.....Advertisement.....
.....Advertisement.....

Local News

  • Study: Valley residents like things as they are

    Consultants hired by San Miguel County found out that most residents in the Valley want to keep things as they are.

    “They would like to see a continuation of the existing land use,” said Mariana Padilla, a consultant with Parametrix, which has an office in Albuquerque.

    Most of the land is now used for ranching and farming.

    Padilla said the residents like the agricultural character of the Valley and believe that any development should be in the already developed areas.

  • County vacates road amid protests

    The San Miguel County Commission decided last week to abandon a road in the eastern part of the county, but a couple of landowners at the meeting protested the decision.

    County officials said only one person used the 3.5 miles of County Road C-53B slated for abandonment. That road is in Maes, N.M., about 35 miles east of Las Vegas.

    The officials said the county hadn’t maintained the road in years and that it would cost at least $300,000 to bring it up to county standards. A committee of road viewers this summer recommended that the county abandon the road.

  • Officers object to jail policy

    The county jail requires that anyone under the influence of alcohol or drugs get a medical clearance from the hospital before being locked up — even if a suspect had a couple of beers beforehand.

    And the suspect must pick up the costs of an emergency room visit, even if the suspect is later found innocent, the jail’s warden said.

    Both city and state police officials contend the policy is unnecessarily burdensome.

  • Alta Vista CEO asked to appear

    San Miguel County Commissioner Nicolas Leger is still waiting for an update from Alta Vista Regional Hospital on its dealings with an employees’ union.

    Last month, he asked for Richard Grogan, the hospital’s CEO, to come before the commission to answer questions about the union.

    The county gives monthly payments to Alta Vista for providing medical services to the very poor. At Leger’s urging last year, the commission held back payments until a hospital official appeared personally to take questions.

  • Sheriff, commissioner in dispute

    San Miguel County Commissioner Albert Padilla, who has voted for the sheriff’s proposals during previous commission meetings, changed his tune last week.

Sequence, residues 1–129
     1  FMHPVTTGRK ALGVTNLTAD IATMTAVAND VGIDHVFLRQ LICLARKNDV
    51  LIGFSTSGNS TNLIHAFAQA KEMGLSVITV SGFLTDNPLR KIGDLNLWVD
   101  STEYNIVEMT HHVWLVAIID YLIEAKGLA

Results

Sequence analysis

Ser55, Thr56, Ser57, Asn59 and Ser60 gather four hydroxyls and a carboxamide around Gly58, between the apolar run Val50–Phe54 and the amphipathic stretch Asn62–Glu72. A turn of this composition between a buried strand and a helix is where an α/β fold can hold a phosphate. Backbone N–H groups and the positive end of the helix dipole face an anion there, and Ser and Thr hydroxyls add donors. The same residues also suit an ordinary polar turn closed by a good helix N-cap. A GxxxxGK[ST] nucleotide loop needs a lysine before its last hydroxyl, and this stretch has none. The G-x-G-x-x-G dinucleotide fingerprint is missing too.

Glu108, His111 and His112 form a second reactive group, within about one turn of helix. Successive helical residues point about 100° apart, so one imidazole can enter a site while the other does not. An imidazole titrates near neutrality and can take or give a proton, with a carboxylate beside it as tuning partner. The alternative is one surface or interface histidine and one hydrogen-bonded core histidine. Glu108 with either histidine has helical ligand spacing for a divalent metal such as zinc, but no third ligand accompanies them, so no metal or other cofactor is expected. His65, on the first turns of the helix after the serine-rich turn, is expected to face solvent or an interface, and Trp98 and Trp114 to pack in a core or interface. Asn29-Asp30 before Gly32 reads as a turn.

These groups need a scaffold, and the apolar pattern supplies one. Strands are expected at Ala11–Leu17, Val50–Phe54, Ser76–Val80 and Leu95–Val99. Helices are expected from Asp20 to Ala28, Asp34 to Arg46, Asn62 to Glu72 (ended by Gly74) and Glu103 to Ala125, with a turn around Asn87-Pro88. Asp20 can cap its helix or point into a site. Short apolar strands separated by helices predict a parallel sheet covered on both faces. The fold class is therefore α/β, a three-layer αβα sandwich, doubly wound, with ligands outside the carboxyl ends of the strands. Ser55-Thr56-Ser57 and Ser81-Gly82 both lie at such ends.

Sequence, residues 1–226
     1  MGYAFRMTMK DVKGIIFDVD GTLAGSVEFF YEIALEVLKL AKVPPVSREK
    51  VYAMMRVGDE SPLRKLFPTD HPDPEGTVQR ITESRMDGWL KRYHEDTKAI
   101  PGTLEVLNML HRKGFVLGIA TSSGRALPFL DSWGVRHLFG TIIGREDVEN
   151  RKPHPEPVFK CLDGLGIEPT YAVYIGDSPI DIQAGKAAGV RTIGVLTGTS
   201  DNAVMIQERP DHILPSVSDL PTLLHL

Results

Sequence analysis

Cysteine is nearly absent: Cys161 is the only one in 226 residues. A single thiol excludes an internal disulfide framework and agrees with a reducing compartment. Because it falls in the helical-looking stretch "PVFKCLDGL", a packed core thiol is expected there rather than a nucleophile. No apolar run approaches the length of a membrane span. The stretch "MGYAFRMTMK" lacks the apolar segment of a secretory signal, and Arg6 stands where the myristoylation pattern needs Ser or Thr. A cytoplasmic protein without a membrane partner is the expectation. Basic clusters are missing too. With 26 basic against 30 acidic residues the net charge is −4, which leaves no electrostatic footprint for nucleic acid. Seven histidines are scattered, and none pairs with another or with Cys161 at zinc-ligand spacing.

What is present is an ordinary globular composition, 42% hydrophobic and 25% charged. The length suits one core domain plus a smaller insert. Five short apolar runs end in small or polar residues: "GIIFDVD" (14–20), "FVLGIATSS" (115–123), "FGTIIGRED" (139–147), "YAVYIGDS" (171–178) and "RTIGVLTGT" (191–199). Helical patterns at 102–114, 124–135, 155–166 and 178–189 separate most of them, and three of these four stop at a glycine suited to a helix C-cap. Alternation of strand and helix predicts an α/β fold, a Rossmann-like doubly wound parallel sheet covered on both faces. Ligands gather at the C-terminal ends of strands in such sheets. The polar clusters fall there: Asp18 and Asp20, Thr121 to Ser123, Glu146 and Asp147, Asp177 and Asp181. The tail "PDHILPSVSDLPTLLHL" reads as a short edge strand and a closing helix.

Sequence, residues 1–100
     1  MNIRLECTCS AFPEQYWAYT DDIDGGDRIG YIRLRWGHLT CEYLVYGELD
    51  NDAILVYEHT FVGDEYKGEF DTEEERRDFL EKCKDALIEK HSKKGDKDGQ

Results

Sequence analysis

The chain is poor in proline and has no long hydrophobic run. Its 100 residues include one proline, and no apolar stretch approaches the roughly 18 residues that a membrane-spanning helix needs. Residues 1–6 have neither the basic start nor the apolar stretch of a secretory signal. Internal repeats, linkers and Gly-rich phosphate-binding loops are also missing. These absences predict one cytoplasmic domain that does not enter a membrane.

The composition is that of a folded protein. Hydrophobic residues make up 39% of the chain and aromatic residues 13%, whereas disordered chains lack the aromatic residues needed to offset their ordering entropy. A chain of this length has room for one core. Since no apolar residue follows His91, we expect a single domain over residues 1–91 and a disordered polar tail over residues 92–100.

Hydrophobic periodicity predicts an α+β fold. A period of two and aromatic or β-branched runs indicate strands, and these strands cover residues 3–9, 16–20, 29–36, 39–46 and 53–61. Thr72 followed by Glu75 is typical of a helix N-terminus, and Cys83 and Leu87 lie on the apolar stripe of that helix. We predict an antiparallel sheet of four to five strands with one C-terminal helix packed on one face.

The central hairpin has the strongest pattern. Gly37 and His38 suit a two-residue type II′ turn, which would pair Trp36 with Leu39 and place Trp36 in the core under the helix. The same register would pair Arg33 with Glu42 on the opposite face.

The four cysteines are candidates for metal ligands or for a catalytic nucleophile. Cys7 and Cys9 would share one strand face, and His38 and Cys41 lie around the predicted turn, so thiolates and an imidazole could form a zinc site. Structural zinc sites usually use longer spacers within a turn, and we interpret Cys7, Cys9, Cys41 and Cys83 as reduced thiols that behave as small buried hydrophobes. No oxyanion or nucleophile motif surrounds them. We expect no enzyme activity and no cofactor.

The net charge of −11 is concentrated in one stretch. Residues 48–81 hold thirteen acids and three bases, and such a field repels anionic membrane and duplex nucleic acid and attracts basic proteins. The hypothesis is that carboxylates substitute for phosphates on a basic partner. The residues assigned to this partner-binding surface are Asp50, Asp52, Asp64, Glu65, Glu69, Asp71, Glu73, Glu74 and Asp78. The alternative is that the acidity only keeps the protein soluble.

In July, Sheriff Benjie Vigil gave Padilla’s son, Michael Padilla, a sheriff’s deputy, a letter of termination.

    Last week, the commission was asked to consider a proposal from the sheriff to seek state money to buy new cars. Albert Padilla was the lone commissioner to vote against Sheriff Benjie Vigil’s request.

  • Police look for robbery suspect

    Police are searching for a Las Vegas man who allegedly attacked and robbed another man last week.

    Magistrate Court has issued an arrest warrant for Joseph Garduño, 18, 614 Taos St. He is charged with robbery, aggravated battery, tampering with evidence and three counts of conspiracy.

    His uncle, Paul Garduño, 51, who is also accused in the attack, has been arrested on the same charges.

  • University gets 10-year accreditation

    Highlands University has received official notice of continued accreditation from the Higher Learning Commission’s North Central Association of Colleges and Schools following a comprehensive evaluation in 2009-10.

    The accreditation is for 10 years.

    Highlands University was first accredited by the Higher Learning Commission’s North Central Association of Colleges and Schools in 1926, and has retained its accreditation since then. The university was last awarded accreditation in 2000.

  • County eyes new idea for wind rules

    Most of the debate about San Miguel County’s proposed law for wind farms has focused on a provision requiring a three-mile distance between wind turbines and homes.

    The industry contends such a rule would keep wind farms out of most places in the county. But wind-farm opponents argue that turbines would create nose and ruin the area’s scenic views.

    This week, however, county officials attempted to move the discussion away from the three-mile setback.

  • Police search for robbery suspect

    Police are searching for a Las Vegas man who allegedly attacked and robbed another man last week.

    Magistrate Court has issued an arrest warrant for Joseph Garduño, 18, 614 Taos St. He is charged with robbery, aggravated battery, tampering with evidence and three counts of conspiracy.

    His uncle, Paul Garduño, 51, who is accused in the attack, faces the same charges.

  • Highlands University proposes parking permit system

    When motorists are looking for a parking place, it’s always a great feeling to see an open space close to their destinations.

    But with a lot of new construction going on at Highlands University, parking is becoming a major hassle, some say.

    President Jim Fries told the Board of Regents at a recent meeting that the school’s master plan stresses the importance of a permit system for future parking on campus.